it could be days. Therefore, my parents were very cautious about what we were and weren’t allowed to do and what tools and equipment we could use.
Not having a hook didn’t bother me in the slightest and I spent many hours fishing in the river mouth with that blue lure. I was always in search of ‘Fishy Bear’, a large mythical fish that had taken the hooks of two possum hunters who stayed in the DOC hut. Sometimes I would throw my lure out in the river near dad’s net and would return to find a fish on the line. I was always over the moon and wouldn’t stop talking about my catch for days. Little did I know, dad would go down early and take a fish from his
net to attach to my line before putting it back in the water for me to find later.
During the spring months a small amount of whitebait comes up the Gorge River. Dad would set his whitebait net at the bottom of ‘the bluff’, a large limestone cliff, originally carved by a glacier and now covered in rātā trees, which lies about 200 metres upstream from the river mouth and forms the gorge that gives Gorge River its name. When I was two or three, dad hand-stitched me a small whitebait net out of lace curtain material, and after that I would always have my net set in front of his. Again, unbeknown to me, dad would go down first and put a couple of whitebait in my net.
We never caught many, and on a good day there might be 20 or 30 bait in my net and a couple of hundred in his. To me that was an amazing catch. If there were more whitebait in the Gorge River, there would have been lots of whitebaiters’ huts to go with them. We were quite happy to have the river to ourselves and were content with just catching a feed here and there. Mum would mix the small,
translucent, five-centimetre-long fish with egg (if we had any) and fry them in the pan.
As soon as I was able to walk I would follow dad wherever he went. Every two weeks with the full and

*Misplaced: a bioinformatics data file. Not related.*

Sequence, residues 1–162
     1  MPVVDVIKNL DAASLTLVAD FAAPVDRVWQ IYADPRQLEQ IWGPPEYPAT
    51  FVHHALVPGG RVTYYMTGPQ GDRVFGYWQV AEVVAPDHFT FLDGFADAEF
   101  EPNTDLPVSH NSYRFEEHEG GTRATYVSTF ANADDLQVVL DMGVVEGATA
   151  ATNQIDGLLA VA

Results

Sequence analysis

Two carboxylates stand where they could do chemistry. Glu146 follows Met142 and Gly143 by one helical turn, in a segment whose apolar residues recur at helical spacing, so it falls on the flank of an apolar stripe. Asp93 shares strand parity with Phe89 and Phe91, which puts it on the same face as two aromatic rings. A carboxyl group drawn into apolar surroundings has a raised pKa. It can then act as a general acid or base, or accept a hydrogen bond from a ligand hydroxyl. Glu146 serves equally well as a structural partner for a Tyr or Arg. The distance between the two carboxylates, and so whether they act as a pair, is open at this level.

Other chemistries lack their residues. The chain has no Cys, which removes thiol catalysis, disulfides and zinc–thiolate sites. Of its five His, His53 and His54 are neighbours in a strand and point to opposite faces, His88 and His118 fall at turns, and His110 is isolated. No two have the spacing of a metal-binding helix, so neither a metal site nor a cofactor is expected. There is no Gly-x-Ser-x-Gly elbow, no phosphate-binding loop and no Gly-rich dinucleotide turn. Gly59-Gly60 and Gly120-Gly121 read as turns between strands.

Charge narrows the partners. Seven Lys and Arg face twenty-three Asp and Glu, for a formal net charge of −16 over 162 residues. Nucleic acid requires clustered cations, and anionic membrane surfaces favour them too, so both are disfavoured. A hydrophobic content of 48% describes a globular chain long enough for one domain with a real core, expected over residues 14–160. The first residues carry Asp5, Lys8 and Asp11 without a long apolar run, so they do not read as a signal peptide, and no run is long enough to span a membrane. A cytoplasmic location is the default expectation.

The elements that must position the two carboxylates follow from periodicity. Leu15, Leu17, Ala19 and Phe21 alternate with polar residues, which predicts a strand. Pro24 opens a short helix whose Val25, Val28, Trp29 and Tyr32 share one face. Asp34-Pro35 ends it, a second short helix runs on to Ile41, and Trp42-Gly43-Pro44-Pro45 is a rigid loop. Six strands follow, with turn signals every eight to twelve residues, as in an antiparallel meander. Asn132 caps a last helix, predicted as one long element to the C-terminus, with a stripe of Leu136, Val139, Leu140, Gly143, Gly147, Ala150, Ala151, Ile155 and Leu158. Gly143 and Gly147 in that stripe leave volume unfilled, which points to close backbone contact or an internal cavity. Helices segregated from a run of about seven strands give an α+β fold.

new moons we would have spring low tides, when the tide would drop lower than normal, making it possible to find pāua. I would follow dad up the beach to find these camouflaged shellfish that cling to the undersides of seaweed-covered boulders right where the crashing waves meet the shore.
When I was three years old, dad made me a blunt, square-ended pocket knife. On one really calm day I
followed him right out to the edge of the splashing waves. I saw a huge pāua under a large rock and carefully pried it off with my little knife. I was so happy that evening that mum took a photo of me on our camera with my first pāua!
Other times we would collect mussels at the south end of the airstrip. Usually mum would send me down to the ocean to get some sea water and she would boil the mussels in it for a couple of minutes. This would give them extra flavour and we would pry open the shells at the kitchen table looking for the juiciest mussels. The leftovers would be marinated in vinegar and salt for the next day.
Because we always rely on the food from nature around Gorge River, we only ever collect what we need. If we see only five pāua then we know we can only take one or two. And if the rock has 50 mussels, we can take just 10. This relationship with nature is critical if you want to live sustainably off the land.
Despite my family collecting food at Gorge River for the last 40 years, the fish stocks have not decreased.
Sadly, there are very few such places left in the world. Natural food supplies are the first to pay the price for overpopulation and poor resource management. The fact is that most of the world’s fish species have already been decimated beyond repair and humans are directly to blame.
Looking back on the way that I was raised, and on our relationship with the land, I feel lucky to have learned first-hand about the delicate balance of living sustainably in nature.
Edited extract from The Boy From Gorge River by Chris Long.